While I enjoy reading fiction, it’s a rarity for me to find fiction that truly captivates me, especially within the fantasy genre. With my last fantasy book being Peter S. Beagle‘s The Last Unicorn, I was sitting pretty high in terms of what fantasy is capable of; luckily, The Name of the Wind didn’t disappoint, and while it isn’t nearly on the level of The Last Unicorn, it did blow my expectations out of the water and present me with a compelling and interesting story which kept me engrossed for all of the seven-hundred & twenty-two pages.
The central story is framed by the story of an a man disguised as an innkeeper, tracked down by a chronicler who wishes to write down his story, the story of how he came to be the legendary figure that he is (despite hiding as an innkeeper). It is this story which the chronicler records which makes up the bulk of the narrative, beginning when the main character – Kvothe – is a young boy and following his progression as a strives to enter the arcane university and excel at the magical arts.
While that makes the book sound abit like Harry Potter, the similarities end there. Rothfuss develops an exciting and mysterious fantasy world of his own with an innovative and captivating magical system, the two main parts of which include sympathy (a sort of mental science used to influence objects) and naming. The latter type of magic – being able to harness the true names of things – is more common in fantasy, but Rothfuss makes it his own.
The story itself is intriguing, and the nature of the world in which the story is set gradually unfolds as the young Kvothe attempts to find the answers he is looking for. What’s more, the book has a solid mixture of drama, action, and humor. Some characters I ended up genuinely feeling for, and there was more than one point at which I laughed out loud.
In the whole of the book I was never bored – one of the highest compliments I can give – and I highly recommend it.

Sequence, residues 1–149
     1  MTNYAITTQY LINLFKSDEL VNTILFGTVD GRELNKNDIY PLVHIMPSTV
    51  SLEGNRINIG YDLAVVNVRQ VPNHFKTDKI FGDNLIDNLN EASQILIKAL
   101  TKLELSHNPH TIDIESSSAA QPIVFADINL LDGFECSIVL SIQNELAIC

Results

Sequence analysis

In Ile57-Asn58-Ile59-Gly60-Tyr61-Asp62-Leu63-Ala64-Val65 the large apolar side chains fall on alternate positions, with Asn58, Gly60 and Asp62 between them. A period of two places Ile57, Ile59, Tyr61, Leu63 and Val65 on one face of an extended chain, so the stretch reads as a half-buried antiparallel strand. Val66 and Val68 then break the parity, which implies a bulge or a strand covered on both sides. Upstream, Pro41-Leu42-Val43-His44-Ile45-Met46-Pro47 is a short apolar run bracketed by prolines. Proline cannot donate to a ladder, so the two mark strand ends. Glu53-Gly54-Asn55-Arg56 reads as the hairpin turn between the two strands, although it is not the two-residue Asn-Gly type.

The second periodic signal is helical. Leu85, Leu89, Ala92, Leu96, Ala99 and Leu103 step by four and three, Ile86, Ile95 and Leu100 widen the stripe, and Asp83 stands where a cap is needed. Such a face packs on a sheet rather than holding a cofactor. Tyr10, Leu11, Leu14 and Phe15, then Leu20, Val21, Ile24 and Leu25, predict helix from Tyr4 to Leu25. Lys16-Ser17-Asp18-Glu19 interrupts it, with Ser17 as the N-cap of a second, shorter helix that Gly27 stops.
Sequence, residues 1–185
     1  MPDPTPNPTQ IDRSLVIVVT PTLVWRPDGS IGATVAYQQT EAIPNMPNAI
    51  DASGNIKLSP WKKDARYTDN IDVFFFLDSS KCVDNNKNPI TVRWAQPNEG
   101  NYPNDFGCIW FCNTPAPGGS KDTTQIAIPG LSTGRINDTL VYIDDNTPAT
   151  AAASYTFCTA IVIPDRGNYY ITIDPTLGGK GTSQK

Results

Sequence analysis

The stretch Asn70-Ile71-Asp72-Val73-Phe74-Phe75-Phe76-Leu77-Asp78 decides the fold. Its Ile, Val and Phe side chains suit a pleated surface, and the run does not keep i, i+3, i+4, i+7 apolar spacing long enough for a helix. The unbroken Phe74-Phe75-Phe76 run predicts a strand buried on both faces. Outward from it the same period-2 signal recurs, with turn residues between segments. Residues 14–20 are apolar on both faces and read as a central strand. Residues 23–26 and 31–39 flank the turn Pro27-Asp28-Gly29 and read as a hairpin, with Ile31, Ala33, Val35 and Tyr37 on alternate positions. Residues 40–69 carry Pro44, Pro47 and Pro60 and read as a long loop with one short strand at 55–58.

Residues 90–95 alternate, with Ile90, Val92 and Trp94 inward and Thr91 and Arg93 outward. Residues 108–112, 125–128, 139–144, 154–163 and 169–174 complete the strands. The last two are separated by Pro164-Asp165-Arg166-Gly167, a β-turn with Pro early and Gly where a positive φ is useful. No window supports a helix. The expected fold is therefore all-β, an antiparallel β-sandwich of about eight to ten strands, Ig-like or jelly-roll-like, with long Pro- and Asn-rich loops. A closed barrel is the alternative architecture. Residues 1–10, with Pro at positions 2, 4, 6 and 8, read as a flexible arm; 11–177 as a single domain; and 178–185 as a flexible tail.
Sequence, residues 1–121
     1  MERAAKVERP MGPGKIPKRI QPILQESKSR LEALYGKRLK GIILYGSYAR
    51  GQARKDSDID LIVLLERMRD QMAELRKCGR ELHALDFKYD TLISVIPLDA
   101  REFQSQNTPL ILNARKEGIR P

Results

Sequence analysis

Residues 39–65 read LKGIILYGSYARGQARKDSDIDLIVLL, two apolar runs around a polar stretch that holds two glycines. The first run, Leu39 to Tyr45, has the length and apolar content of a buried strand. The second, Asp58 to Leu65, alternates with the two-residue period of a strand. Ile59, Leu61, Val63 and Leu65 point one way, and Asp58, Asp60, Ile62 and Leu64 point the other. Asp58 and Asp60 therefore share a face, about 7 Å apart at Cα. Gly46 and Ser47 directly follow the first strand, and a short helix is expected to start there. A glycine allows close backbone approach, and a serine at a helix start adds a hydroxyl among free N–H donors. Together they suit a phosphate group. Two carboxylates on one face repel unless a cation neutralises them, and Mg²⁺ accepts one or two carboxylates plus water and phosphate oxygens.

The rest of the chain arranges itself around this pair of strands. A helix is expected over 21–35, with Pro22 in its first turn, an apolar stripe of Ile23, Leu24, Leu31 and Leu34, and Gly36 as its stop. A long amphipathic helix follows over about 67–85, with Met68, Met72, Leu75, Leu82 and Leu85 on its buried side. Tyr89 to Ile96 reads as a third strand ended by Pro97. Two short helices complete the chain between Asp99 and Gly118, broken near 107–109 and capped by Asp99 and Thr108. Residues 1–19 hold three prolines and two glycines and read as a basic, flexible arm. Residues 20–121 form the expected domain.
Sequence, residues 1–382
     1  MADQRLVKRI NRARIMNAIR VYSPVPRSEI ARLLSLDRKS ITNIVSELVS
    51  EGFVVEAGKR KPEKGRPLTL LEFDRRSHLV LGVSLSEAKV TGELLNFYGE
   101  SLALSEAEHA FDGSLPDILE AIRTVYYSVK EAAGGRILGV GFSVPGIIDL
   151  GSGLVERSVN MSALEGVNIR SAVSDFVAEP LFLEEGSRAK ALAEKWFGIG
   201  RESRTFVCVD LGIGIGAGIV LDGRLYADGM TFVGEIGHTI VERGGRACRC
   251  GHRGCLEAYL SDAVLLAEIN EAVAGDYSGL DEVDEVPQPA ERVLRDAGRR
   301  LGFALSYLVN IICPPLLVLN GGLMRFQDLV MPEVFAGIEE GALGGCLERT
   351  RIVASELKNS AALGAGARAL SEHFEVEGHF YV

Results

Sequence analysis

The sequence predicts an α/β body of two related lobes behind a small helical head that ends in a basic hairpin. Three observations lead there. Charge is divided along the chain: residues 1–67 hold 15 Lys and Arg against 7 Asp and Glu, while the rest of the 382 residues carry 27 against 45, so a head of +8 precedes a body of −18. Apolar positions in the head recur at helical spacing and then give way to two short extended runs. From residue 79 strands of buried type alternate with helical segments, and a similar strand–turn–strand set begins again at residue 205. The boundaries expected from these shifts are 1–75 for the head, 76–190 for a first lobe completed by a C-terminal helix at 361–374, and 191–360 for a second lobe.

-“Waterside is where people are poor. That make them beggars, thieves, and whores. Hillside is where people are rich. That makes them solicitors, politicians, and courtesans.”-p160
-“Now let me say this: when you’re traveling a good cloak is worth more than all your other possessions put together. If you’ve nowhere to sleep, it can be your bed and blanket. It will keep the rain off your back and the sun from your eyes. You can conceal all manner of interesting weaponry beneath it if you are clever, and a small assortment if you are not.”-p234
-“We understand how dangerous a mask can be. We all become what we pretend to be.”-p716
There are a few minor criticisms that I have of the book. One is that the main character is almost too much of a prodigy, he is simply amazingly good at everything that he does, with his one flaw being that he is completely unaware of how to interact with girls, stupidly so, especially for somebody who grew up with traveling performers (one of whom seems to be a prostitute, or at least an exotic dancer).
My other small issue with the book is that the characters often times just say dumb things, things that nobody except a college freshman with only a year of philosophy under his belt would ever say. Things like “That’s bad psychology” or ‘that’s a logical fallacy!’. Only pretentious brats would talk like that during normal conversation. If that was Rothfuss’ goal then I guess more power to him, but these little bits seemed out-of-character to me, as if the author was just wanting to show off that he knows what a fallacy is (or maybe it’s just meant to show off how smart the characters are, that they can call things a fallacy).